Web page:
TOKYO - Japan and China on Thursday marked 50 years since the day they established diplomatic ties, with very little fanfare amid fraught ties and growing distrust between the two superpowers.
Neither Japanese Prime Minister Fumio Kishida nor Chinese President Xi Jinping attended commemorative events held in their capitals, though they exchanged letters that were read out in Tokyo at an event hosted by the Keidanren business lobby.
Mr Xi said he attached “great importance” to bilateral ties and was willing to work together to build relations that “meet the requirements of a new era”.
Mr Kishida said he hoped their countries can overcome the “many issues and challenges” that stand in their way.
“Japan is willing to work with China towards the next 50 years, to jointly promote constructive and stable relations for the peace and prosperity for our countries, the region and the world,” Mr Kishida said.
The leaders upheld the “strategic thinking” and “political foresight” of their predecessors – Chairman Mao Zedong and prime minister Kakuei Tanaka – to open a new chapter in bilateral ties.
On Sept 29, 1972, Japan recognised Beijing as the “sole legal government of China”, thus putting an end to “the abnormal state of affairs” between the two countries, said their joint communique.
The normalisation of ties “will contribute to the relaxation of tension in Asia and peace in the world", it said. “Neither of the two countries should seek hegemony in the Asia-Pacific.”
However, Tokyo believes that is precisely what Beijing is now trying to do, given its assertiveness in the region, while tensions have hardly relaxed in Asia. Japan fears that war will break out in its backyard should China take Taiwan, which it sees as a renegade province, by force.
China, meanwhile, sees Japan as a stooge of the United States due to their security alliance, and warily eyes its attempts to boost its military muscle.
In August, China launched ballistic missiles into waters near Japan’s Okinawa for the first time to protest against a visit by US House Speaker Nancy Pelosi to Taiwan.
China, once a recipient of Japanese development aid, overtook Japan in the size of its economy in 2010 and is now challenging the country in innovation and technology.
Japan, wary of intellectual property theft and an over-reliance on China in its supply chains, has enacted economic security laws.
As divisions widen, the leaders are barely talking. Mr Xi and Mr Kishida last spoke in October 2021 in a half-hour congratulatory call just after the latter became PM.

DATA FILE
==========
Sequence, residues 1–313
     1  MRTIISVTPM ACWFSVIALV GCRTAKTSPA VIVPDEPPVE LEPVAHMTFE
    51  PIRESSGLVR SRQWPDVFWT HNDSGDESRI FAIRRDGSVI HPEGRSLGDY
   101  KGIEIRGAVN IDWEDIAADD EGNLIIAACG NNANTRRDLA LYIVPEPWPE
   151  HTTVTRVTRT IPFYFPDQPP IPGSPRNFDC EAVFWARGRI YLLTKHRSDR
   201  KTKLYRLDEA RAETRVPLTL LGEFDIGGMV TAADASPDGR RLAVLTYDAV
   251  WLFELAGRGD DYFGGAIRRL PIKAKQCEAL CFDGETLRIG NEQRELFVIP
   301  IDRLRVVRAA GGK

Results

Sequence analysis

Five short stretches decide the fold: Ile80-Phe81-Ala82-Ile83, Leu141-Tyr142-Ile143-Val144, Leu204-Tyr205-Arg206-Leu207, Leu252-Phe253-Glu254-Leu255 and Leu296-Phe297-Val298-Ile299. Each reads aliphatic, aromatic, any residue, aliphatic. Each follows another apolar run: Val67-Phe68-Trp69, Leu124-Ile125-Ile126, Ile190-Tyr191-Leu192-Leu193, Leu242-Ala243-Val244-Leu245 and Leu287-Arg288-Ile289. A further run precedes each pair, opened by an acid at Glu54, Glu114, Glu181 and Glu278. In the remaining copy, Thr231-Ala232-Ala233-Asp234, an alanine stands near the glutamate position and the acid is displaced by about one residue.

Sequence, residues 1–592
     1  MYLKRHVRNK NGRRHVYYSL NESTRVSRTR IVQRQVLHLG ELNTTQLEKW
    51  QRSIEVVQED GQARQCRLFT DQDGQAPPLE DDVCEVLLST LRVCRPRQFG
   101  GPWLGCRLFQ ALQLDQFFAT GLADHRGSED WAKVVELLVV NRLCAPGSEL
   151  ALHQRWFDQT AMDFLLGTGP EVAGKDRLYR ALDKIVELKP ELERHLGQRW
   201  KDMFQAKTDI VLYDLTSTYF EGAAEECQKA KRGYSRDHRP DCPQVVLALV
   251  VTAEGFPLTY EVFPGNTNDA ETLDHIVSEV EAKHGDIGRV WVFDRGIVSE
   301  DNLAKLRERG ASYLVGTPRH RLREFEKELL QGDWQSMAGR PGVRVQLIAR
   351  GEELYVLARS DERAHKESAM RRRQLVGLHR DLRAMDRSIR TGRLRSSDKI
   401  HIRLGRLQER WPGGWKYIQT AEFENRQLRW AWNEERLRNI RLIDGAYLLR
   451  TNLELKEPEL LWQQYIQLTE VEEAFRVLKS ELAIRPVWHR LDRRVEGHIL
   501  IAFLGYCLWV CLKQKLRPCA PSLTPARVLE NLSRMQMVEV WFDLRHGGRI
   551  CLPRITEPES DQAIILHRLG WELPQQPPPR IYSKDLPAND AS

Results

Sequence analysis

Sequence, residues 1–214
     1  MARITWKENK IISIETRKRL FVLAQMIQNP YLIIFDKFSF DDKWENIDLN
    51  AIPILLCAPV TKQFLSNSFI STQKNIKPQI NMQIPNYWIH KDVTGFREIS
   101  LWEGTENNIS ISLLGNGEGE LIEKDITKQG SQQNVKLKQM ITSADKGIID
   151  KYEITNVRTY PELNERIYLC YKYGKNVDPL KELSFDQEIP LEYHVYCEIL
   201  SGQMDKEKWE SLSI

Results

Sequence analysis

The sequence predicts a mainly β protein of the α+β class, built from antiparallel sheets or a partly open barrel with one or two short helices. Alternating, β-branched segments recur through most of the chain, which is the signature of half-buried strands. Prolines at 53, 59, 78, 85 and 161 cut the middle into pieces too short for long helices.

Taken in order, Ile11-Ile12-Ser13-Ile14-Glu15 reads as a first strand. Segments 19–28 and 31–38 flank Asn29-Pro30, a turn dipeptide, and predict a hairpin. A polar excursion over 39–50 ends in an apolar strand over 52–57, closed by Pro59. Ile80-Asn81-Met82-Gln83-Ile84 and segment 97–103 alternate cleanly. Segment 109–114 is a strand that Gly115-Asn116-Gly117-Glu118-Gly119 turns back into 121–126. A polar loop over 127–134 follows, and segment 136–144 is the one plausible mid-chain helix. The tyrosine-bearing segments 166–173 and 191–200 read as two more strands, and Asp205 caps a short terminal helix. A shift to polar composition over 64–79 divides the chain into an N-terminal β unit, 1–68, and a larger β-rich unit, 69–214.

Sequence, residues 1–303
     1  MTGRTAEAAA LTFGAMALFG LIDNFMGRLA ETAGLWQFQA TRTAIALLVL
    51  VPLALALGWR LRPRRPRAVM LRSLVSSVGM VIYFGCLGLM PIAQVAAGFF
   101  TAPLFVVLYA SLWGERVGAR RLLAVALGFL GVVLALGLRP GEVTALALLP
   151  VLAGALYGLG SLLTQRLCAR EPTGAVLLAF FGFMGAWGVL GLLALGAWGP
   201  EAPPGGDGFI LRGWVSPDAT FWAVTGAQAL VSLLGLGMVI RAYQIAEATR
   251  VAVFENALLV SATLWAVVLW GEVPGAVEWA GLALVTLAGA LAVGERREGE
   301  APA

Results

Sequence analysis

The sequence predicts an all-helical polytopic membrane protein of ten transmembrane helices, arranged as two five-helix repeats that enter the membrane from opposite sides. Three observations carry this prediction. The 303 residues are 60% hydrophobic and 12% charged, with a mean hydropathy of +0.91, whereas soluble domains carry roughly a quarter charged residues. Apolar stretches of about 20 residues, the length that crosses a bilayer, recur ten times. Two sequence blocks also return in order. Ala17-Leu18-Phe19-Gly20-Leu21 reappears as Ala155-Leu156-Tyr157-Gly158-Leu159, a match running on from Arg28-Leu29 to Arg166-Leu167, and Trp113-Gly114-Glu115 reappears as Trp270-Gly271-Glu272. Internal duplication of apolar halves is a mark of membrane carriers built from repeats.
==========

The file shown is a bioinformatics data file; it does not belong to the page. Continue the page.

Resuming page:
Their foreign ministers have met just once – virtually. China scrapped a meeting in August due to differences over Taiwan.
The semicentennial has, however, given Mr Kishida and Mr Xi impetus to meet this year, possibly on the sidelines of the Group of 20 summit in Bali in November.
All eyes will be on how they manage to smooth over their differences as the souring political atmosphere has spilled over to the man on the street.
An annual think-tank survey in October 2021 found that 90.9 per cent of Japanese people held a negative impression of China, while 66.1 per cent of Chinese had a negative impression of Japan.
Dr Shin Kawashima, who studies Sino-Japan ties at the University of Tokyo, said that the wisdom of the 1972 communique is “not eternal and has an expiry date”.
This was why there were subsequent documents in 1978, 1998 and 2008 to maintain a form of joint understanding, he added.
But things have changed drastically since then, he said. “Bilateral ties have long been based on a separation of politics and economics, but this has become harder with the economic security law.”
Some stardust might well help pave the way for better ties.
Japanese figure skater Yuzuru Hanyu – who is adored in both countries – said at a separate reception on Thursday: “I want Japan and China to build a better relationship because they are neighbours.”
The two-time Olympic champion added that he fondly remembers the “kindness and warmness” he received at the Beijing Winter Games earlier this year.
“Jiayou!” he said, using the Mandarin phrase for "keep going".